Elections

Back to the Future: A Party Platform

Those of us in the U.S. find ourselves embroiled in that recurring cabaret often euphemistically called “election season.” It is a time for those of us that prefer to be informed to prepare to read the political platforms that are to be revealed in coming conventions and to evaluate the candidates to which they have been matched.

As it happens, I’ve read an already released party platform a few days ago that offers a fresh look at many of the problems that we face as a nation and that ought to have a place in U.S. national political dialogue.

Though I certainly don’t agree with the entirety of the platform, I found much of it to be sensible or at the very least no more objectionable than what is expected from either of the major parties in the coming election.

Some Platform Highlights –

Because not everyone has the time (or wants) to read these things, I’ve taken the liberty of surveying and summarizing what I found to be some of the more interesting points of the platform in question. It calls, in part, for—

In the “Taxation and Fiscal Policy” section:

Reduction of government size only while safeguarding essential government services to the public. Reductions in taxes “with particular consideration for low and middle income families.” Tax policy with an eye toward the unequal effect of taxes on those being taxed. Strong support for the Federal Reserve and the tools available to it.

In the “Business and Economic Policy” and “Small Business” sections:

Massive highway, air, and maritime programs to support economic expansion. Federal loans to small businesses and strong support for the Small Business Administration. Closer federal scrutiny of mergers and enhancement of anti-trust enforcement. Vigorous SEC regulation to protect investors and small businesses.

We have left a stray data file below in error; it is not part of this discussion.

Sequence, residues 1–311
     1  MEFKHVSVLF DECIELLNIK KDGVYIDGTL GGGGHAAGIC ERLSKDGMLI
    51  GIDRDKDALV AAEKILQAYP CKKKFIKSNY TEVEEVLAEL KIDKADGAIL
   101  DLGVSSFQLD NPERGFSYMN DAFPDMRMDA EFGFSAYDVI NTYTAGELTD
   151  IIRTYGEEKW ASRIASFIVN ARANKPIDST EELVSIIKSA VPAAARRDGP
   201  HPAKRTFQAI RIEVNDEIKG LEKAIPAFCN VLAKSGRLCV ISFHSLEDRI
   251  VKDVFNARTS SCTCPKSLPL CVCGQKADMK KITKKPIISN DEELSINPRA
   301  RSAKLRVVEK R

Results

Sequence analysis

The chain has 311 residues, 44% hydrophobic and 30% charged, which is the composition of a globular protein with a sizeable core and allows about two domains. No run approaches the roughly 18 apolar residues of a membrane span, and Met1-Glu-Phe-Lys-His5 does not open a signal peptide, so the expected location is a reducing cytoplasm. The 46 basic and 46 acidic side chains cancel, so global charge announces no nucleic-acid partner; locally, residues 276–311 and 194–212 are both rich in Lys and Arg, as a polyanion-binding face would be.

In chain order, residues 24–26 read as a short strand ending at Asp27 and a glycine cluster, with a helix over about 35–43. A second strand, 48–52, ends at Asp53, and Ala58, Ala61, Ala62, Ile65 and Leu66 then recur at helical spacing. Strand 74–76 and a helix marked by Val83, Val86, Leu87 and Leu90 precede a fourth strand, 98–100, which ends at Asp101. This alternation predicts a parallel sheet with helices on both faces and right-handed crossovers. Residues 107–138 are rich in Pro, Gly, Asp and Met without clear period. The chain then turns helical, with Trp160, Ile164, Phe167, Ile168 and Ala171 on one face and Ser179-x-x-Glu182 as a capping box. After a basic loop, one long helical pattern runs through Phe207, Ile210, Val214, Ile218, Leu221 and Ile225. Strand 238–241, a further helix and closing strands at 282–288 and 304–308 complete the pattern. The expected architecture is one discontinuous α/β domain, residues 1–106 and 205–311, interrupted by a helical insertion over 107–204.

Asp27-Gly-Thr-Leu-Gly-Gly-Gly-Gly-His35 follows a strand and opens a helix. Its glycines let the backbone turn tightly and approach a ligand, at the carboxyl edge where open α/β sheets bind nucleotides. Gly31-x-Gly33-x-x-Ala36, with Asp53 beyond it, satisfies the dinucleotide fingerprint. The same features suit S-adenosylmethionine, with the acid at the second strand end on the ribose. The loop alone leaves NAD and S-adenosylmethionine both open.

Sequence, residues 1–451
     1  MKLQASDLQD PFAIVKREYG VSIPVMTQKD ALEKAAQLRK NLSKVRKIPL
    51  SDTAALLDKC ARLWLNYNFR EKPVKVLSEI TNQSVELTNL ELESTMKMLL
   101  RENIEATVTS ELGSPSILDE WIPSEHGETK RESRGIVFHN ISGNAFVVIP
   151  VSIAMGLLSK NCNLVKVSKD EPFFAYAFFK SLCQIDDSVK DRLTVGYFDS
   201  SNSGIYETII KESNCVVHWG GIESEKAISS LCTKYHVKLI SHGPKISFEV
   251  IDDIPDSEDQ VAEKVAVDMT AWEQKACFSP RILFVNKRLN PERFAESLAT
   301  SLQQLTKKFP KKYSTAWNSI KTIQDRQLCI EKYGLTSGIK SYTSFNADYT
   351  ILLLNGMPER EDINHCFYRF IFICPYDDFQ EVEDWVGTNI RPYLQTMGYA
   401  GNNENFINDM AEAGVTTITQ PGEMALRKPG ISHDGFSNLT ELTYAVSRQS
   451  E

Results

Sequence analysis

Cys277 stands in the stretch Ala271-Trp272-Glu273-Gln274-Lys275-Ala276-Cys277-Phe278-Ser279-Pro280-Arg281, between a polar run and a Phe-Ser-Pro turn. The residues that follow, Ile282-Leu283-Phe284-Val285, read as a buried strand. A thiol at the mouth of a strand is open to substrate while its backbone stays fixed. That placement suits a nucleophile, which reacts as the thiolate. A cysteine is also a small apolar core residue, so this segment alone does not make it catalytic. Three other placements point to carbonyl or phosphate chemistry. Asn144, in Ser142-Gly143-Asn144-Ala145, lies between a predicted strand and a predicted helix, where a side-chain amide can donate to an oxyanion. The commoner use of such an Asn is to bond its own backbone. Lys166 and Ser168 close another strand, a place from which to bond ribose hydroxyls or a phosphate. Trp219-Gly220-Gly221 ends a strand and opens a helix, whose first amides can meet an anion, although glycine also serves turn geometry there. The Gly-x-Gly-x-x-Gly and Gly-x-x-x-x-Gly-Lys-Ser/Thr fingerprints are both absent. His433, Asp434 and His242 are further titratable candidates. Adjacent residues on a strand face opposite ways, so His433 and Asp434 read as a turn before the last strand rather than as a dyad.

In the “Labor” section:

Raising the minimum wage. Applauding collective bargaining and labor unions and suggesting that the government ought not interfere with these, save to protect their rights. Providing federal assistance to struggling workers. Guaranteeing the integrity of private pensions with the force of law. Equal pay for equal work.

In the “Health and Welfare” section:

Federal programs to accelerate the building of public schools. Federal support for free vaccines and adequate medical care. Historic increases in science research funding. Federal assistance for the training of scientists. Community organizing, vocation rehabilitation, home ownership stimulus and low-rent public housing. The “extension and perfection” of social security.

In the “Agriculture” section:

Regulating production to create a “soil reserve” for the future. Protection for clean water and soil. Coordination between federal and local concerns to implement research, education, service, and regulatory programs. Federal loans to ensure stability and productivity. Support for cooperatives.